Hepatitis C virus (HCV) patients are at increased risk of cardiovascular disease (CVD). In this study, we aimed to evaluate the role of extracellular vesicles (EVs) as pathogenic factors for the onset of HCV-related endothelial dysfunction. Sixty-five patients with various stages of HCV-related chronic liver disease were enrolled in this case series. Plasma EVs were characterized and used to stimulate human vascular endothelial cells (HUVEC), which were examined for cell viability, mitochondrial membrane potential, and reactive oxygen species (ROS) release. The results showed that EVs from HCV patients were mainly of endothelial and lymphocyte origin. Moreover, EVs were able to reduce cell viability and mitochondrial membrane potential of HUVEC, while increasing ROS release. Those harmful effects were reduced by the pretreatment of HUVEC with the NLR family pyrin domain containing 3 (NLRP3)/AMP-activated protein kinase and protein kinase B blockers. In conclusion, in HCV patients, we could highlight a circulating pattern of EVs capable of inducing damage to the endothelium. These data represent a novel possible pathogenic mechanism underlying the reported increase of CVD occurrence in HCV infection and could be of clinical relevance also in relation to the widespread use of antiviral drugs.

Plasma Pattern of Extracellular Vesicles Isolated from Hepatitis C Virus Patients and Their Effects on Human Vascular Endothelial Cells

Smirne, Carlo;Cantaluppi, Vincenzo;Comi, Cristoforo;Tanzi, Adele;Bussolati, Benedetta;
2023-01-01

Abstract

Hepatitis C virus (HCV) patients are at increased risk of cardiovascular disease (CVD). In this study, we aimed to evaluate the role of extracellular vesicles (EVs) as pathogenic factors for the onset of HCV-related endothelial dysfunction. Sixty-five patients with various stages of HCV-related chronic liver disease were enrolled in this case series. Plasma EVs were characterized and used to stimulate human vascular endothelial cells (HUVEC), which were examined for cell viability, mitochondrial membrane potential, and reactive oxygen species (ROS) release. The results showed that EVs from HCV patients were mainly of endothelial and lymphocyte origin. Moreover, EVs were able to reduce cell viability and mitochondrial membrane potential of HUVEC, while increasing ROS release. Those harmful effects were reduced by the pretreatment of HUVEC with the NLR family pyrin domain containing 3 (NLRP3)/AMP-activated protein kinase and protein kinase B blockers. In conclusion, in HCV patients, we could highlight a circulating pattern of EVs capable of inducing damage to the endothelium. These data represent a novel possible pathogenic mechanism underlying the reported increase of CVD occurrence in HCV infection and could be of clinical relevance also in relation to the widespread use of antiviral drugs.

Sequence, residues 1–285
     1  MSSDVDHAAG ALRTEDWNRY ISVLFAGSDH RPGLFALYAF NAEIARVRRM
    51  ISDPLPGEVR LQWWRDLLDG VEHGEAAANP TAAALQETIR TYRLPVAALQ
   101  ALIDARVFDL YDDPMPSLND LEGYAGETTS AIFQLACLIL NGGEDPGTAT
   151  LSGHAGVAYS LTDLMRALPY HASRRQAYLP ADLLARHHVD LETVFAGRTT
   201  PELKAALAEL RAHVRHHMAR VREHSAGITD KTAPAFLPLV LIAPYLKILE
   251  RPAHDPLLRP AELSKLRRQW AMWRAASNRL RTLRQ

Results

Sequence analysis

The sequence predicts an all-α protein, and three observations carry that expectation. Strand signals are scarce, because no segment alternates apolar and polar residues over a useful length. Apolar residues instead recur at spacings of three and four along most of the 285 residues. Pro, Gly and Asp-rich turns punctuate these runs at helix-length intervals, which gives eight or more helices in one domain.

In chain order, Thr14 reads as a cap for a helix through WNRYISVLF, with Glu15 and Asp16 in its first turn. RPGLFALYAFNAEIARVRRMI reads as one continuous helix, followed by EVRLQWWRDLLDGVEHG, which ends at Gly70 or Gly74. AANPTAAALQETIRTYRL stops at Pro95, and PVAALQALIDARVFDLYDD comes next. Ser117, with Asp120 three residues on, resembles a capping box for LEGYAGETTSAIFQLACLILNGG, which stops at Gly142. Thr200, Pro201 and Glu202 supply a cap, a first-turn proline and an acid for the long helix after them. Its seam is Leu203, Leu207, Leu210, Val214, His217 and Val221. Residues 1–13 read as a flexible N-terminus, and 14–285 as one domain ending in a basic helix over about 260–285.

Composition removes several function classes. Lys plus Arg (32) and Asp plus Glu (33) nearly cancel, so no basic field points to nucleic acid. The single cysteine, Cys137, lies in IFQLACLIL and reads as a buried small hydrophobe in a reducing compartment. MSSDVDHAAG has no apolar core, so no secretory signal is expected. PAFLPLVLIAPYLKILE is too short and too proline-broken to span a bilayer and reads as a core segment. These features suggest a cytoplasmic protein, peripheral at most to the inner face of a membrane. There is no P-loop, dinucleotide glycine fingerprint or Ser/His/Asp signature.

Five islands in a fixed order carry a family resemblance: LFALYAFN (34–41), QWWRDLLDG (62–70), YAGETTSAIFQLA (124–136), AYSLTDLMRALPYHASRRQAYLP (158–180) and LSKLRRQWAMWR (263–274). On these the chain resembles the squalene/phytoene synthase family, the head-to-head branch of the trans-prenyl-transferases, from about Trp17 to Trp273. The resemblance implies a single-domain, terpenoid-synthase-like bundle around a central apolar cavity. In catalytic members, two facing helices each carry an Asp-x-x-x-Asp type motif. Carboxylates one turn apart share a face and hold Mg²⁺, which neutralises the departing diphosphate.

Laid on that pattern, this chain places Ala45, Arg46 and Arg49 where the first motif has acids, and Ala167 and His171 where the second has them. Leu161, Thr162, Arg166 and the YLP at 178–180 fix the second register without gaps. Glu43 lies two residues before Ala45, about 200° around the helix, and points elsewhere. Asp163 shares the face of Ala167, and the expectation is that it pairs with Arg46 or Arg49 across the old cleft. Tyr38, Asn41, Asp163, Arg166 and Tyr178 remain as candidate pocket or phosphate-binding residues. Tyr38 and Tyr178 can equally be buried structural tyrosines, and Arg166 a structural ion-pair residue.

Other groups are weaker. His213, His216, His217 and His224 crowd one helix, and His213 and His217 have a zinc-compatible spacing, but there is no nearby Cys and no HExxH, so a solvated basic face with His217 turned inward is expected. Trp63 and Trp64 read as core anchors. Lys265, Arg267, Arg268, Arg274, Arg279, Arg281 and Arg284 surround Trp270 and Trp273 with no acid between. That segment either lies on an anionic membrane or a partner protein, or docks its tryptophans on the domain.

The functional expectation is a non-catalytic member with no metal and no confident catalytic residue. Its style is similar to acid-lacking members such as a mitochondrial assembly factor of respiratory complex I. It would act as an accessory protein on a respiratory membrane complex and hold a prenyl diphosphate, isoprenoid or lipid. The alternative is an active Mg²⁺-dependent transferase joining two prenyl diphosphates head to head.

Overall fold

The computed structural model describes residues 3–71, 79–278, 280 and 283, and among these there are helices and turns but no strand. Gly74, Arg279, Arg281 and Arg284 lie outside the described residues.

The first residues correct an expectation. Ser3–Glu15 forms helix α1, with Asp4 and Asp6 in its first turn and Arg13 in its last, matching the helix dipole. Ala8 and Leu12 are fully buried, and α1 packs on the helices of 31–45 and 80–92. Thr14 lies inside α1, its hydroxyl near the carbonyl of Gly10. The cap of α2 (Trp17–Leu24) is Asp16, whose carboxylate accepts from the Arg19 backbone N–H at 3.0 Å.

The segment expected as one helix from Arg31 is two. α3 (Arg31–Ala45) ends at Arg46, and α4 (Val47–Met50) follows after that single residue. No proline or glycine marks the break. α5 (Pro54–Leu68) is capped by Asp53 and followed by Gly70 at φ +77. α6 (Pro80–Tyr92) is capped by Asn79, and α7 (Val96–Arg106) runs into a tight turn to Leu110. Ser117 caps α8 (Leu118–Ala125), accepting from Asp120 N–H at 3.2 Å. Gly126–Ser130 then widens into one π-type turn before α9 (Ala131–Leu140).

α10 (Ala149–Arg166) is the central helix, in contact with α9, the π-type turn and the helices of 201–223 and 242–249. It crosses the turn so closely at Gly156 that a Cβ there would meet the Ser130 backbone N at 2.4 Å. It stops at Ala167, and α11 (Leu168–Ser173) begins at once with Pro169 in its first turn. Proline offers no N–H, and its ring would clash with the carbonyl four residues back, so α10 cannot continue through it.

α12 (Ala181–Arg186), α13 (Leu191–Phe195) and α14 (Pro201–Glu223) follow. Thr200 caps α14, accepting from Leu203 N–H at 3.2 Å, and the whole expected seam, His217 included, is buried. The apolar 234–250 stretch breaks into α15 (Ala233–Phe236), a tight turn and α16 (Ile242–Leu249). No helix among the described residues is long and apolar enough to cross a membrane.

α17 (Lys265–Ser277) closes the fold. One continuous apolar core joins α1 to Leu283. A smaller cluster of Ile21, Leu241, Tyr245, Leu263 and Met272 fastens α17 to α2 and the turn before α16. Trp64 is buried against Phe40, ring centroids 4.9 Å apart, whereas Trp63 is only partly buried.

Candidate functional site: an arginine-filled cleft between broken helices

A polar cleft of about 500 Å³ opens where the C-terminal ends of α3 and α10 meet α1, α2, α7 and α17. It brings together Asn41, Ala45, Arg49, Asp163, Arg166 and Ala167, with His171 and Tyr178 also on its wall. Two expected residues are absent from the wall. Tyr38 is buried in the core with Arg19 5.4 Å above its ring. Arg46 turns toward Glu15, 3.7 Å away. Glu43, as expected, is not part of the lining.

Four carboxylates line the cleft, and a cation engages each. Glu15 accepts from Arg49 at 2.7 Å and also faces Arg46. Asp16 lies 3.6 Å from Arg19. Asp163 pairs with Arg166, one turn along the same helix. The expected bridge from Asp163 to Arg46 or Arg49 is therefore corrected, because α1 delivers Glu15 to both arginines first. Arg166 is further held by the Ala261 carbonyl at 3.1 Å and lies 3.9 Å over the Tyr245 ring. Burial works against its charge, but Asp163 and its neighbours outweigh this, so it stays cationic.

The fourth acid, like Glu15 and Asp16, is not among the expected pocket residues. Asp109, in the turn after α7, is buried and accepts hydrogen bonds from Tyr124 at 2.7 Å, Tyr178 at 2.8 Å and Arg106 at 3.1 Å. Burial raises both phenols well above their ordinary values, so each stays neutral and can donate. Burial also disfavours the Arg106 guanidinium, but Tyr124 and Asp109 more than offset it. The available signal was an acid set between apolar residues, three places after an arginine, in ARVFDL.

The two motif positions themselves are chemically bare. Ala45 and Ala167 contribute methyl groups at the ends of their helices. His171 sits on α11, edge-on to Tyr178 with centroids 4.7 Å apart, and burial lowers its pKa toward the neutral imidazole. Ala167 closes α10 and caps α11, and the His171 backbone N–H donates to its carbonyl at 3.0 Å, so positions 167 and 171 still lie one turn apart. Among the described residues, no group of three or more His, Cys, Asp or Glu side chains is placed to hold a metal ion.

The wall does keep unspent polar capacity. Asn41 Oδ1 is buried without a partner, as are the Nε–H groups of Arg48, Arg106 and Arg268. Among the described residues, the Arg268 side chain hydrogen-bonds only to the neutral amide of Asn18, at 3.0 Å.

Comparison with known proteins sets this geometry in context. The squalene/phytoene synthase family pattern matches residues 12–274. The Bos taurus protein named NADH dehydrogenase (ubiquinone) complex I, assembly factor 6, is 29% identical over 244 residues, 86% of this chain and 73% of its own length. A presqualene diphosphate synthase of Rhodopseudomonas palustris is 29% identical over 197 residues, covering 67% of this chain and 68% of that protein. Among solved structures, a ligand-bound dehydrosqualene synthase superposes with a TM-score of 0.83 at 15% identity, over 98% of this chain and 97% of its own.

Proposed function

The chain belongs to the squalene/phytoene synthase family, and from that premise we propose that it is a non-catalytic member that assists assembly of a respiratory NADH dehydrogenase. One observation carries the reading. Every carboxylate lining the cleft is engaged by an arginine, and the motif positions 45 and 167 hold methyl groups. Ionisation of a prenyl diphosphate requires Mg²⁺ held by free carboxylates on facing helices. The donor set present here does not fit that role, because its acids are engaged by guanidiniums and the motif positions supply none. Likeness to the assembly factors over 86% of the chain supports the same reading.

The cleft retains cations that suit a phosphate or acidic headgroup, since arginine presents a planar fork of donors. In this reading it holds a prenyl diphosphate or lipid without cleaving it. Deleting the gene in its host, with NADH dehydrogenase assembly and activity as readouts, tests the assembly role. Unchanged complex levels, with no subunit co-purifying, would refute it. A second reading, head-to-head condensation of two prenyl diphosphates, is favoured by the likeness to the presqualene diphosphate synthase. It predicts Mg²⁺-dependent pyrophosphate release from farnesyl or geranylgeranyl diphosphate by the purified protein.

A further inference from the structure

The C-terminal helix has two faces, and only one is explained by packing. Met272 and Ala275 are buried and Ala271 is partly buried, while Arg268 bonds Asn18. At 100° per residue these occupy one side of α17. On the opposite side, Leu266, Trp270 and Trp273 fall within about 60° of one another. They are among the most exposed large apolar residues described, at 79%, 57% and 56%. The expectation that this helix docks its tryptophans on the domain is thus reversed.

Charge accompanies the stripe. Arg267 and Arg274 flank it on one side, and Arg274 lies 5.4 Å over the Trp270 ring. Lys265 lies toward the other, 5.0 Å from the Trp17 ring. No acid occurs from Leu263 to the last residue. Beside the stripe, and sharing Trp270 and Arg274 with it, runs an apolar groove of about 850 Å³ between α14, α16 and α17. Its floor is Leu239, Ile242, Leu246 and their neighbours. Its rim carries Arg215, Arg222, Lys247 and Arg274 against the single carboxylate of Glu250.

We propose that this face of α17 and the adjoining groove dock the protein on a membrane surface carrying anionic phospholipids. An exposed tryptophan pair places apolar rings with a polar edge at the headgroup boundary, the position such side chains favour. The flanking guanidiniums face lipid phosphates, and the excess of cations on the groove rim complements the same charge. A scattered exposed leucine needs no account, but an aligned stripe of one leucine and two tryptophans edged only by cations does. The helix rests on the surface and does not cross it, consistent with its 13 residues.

2023
24
12
1
25
https://www.ncbi.nlm.nih.gov/pmc/articles/PMC10299492/
cardiovascular disease; cell survival; endothelial dysfunction; exosomes; hepatitis C virus; hepatocellular carcinoma; liver cirrhosis; liver fibrosis; oxidative stress; vesicles
Grossini, Elena; Smirne, Carlo; Venkatesan, Sakthipriyan; Tonello, Stelvio; D'Onghia, Davide; Minisini, Rosalba; Cantaluppi, Vincenzo; Sainaghi, Pier Paolo; Comi, Cristoforo; Tanzi, Adele; Bussolati, Benedetta; Pirisi, Mario
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Utilizza questo identificativo per citare o creare un link a questo documento: https://hdl.handle.net/2318/1942452
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